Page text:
Sessions is clearly infuriated by state-by-state decriminalization; he has publicly threatened to prosecute marijuana “crimes” federally in states where there are no longer criminal statutes forbidding small-scale use and possession — using the federal Controlled Substances Act as his billy stick.

So far, the only thing that has kept Sessions on his leash is a funding rider that prohibits the use of DOJ funding for that purpose — something that infuriates Sessions all the more.

But Sessions’ obsession with the war on some drugs presents a real problem for the president and Republicans. Two-thirds of the country favors Pot Glasnost to one degree or another, and that includes more than four out of five Trump voters as well as an overwhelming majority of registered Democratic and independent voters.

There seems to be bipartisan agreement that — at the very least — arresting and caging people who’ve not actually harmed anyone else merely for possessing or using marijuana makes about as much sense as arresting and caging people merely for buying and drinking beer.

It’s an issue Republicans can ride to victory in November if only by not alienating Democrats and independents who might otherwise be persuaded to support them.


Eric Peters is the author of “Automotive Atrocities and Road Hogs.” He wrote this for InsideSources.com.

FILE – In this Jan. 9, 2013, file photo, a CT scan technician prepares for a patient at the Silver Cross Emergency Care Center in Homer Glen, Ill. The Trump administration is quietly trying to weaken radiation rules, relying on scientific outliers who argue that a little radiation damage is actually good for you _ like a little bit of sunlight. (AP Photo/M. Spencer Green, File)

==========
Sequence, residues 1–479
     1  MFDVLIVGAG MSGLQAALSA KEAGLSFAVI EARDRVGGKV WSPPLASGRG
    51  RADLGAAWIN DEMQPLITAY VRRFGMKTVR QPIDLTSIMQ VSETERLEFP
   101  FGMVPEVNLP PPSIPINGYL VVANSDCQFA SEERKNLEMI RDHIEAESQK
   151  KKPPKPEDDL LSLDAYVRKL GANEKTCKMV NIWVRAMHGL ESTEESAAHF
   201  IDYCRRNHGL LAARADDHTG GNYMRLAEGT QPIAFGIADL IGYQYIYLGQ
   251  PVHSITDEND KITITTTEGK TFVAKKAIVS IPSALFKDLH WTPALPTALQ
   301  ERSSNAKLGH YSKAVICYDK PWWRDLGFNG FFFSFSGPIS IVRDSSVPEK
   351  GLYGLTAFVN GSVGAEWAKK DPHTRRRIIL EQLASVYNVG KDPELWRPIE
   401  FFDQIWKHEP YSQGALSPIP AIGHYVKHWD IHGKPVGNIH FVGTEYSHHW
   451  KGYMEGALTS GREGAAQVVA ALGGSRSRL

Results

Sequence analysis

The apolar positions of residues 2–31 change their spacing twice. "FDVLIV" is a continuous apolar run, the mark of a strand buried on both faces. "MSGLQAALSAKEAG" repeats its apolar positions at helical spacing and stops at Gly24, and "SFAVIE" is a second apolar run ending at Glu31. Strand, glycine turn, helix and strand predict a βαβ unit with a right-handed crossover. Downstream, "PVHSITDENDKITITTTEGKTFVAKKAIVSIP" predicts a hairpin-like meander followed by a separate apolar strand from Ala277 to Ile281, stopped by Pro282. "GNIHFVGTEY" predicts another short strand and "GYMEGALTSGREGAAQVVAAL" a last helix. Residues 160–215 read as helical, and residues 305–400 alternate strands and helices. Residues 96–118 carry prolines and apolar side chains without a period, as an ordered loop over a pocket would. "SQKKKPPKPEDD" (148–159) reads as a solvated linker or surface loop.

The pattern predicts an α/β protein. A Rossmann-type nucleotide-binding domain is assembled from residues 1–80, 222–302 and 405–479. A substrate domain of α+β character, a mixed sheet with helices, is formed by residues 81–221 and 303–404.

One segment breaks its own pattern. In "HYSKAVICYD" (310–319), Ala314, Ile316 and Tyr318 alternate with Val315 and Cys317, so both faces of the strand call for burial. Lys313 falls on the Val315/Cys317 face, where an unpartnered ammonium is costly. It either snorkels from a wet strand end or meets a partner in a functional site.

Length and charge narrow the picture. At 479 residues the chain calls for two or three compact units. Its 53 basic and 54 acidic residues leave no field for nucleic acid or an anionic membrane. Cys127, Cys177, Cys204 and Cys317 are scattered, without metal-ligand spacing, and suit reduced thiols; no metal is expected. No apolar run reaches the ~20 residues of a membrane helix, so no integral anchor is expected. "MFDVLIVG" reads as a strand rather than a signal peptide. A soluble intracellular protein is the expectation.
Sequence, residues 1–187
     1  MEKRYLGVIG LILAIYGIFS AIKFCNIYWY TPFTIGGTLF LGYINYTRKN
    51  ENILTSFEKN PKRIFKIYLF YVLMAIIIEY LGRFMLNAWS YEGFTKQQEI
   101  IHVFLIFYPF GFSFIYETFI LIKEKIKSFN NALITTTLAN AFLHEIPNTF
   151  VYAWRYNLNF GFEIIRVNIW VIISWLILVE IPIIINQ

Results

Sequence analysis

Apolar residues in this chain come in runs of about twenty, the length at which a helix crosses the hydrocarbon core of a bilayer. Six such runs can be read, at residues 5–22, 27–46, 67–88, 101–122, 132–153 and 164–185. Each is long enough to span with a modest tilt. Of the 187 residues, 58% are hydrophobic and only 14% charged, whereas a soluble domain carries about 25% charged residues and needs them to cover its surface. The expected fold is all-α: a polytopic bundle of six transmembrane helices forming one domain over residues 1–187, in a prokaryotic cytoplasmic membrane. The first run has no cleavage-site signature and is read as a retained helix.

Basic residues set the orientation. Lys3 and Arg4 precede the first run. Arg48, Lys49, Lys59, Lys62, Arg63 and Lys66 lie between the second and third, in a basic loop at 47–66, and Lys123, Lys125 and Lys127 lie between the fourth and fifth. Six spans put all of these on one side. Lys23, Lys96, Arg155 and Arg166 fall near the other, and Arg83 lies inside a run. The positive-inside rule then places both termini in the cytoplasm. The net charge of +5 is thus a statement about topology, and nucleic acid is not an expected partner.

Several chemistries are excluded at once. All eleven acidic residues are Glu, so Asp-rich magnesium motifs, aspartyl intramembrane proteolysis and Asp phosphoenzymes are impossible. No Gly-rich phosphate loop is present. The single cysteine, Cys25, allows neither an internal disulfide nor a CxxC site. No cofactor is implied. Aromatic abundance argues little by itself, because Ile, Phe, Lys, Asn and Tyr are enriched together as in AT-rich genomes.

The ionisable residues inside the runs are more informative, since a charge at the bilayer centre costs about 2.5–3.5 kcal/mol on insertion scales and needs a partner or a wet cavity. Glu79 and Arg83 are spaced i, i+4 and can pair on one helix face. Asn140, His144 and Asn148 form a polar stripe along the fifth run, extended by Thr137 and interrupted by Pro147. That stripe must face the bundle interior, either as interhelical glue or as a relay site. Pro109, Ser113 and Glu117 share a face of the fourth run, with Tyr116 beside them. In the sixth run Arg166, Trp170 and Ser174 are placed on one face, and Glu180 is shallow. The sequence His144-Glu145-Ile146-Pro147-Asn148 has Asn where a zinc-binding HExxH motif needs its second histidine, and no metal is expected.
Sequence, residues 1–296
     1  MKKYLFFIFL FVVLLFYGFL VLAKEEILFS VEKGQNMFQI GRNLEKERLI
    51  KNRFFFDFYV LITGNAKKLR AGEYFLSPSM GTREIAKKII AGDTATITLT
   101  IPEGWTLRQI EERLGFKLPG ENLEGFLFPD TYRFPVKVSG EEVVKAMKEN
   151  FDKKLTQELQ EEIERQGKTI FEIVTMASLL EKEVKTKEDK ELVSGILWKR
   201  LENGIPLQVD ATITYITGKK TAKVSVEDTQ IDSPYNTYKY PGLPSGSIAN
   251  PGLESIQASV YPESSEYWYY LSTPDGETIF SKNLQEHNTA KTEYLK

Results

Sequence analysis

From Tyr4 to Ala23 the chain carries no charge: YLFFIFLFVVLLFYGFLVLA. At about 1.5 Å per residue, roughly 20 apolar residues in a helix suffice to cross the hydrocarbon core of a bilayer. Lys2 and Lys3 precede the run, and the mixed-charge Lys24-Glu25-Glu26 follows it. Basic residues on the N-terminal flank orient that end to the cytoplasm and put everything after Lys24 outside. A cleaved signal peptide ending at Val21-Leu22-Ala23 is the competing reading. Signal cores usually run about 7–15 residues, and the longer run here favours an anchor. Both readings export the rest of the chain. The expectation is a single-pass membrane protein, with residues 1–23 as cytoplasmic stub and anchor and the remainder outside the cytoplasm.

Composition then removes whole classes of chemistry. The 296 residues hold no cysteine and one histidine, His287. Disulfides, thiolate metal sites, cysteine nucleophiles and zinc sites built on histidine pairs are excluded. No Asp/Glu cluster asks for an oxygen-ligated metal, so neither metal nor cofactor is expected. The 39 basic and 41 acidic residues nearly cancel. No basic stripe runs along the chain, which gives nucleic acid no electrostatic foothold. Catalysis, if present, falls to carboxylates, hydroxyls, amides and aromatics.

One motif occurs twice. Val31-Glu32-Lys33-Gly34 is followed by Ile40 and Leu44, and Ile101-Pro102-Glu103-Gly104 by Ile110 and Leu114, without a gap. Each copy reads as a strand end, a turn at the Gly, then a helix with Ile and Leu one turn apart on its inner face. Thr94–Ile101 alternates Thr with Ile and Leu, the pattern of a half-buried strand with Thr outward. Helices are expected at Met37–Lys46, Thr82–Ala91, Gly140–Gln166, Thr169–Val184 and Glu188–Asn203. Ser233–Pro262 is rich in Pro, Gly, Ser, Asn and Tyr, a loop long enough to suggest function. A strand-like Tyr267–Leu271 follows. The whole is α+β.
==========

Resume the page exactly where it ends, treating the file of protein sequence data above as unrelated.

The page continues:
https://www.sunburynews.com/wp-content/uploads/sites/48/2018/10/web1_121498669-daf6cfc67cb143709bf25f2a81ee2d7c.jpgFILE – In this Jan. 9, 2013, file photo, a CT scan technician prepares for a patient at the Silver Cross Emergency Care Center in Homer Glen, Ill. The Trump administration is quietly trying to weaken radiation rules, relying on scientific outliers who argue that a little radiation damage is actually good for you _ like a little bit of sunlight. (AP Photo/M. Spencer Green, File)

FILE- In this Feb. 9, 2018, file photo, a radiology technician looks at a chest X-ray of a child suffering from flu symptoms at Upson Regional Medical Center in Thomaston, Ga. The Trump administration is quietly trying to weaken radiation rules, relying on scientific outliers who argue that a little radiation damage is actually good for you _ like a little bit of sunlight. (AP Photo/David Goldman, File)
https://www.sunburynews.com/wp-content/uploads/sites/48/2018/10/web1_121498669-637cc35b61e74cf387fdb8b06e57aeaa.jpgFILE- In this Feb. 9, 2018, file photo, a radiology technician looks at a chest X-ray of a child suffering from flu symptoms at Upson Regional Medical Center in Thomaston, Ga. The Trump administration is quietly trying to weaken radiation rules, relying on scientific outliers who argue that a little radiation damage is actually good for you _ like a little bit of sunlight. (AP Photo/David Goldman, File)

Staff & Wire Reports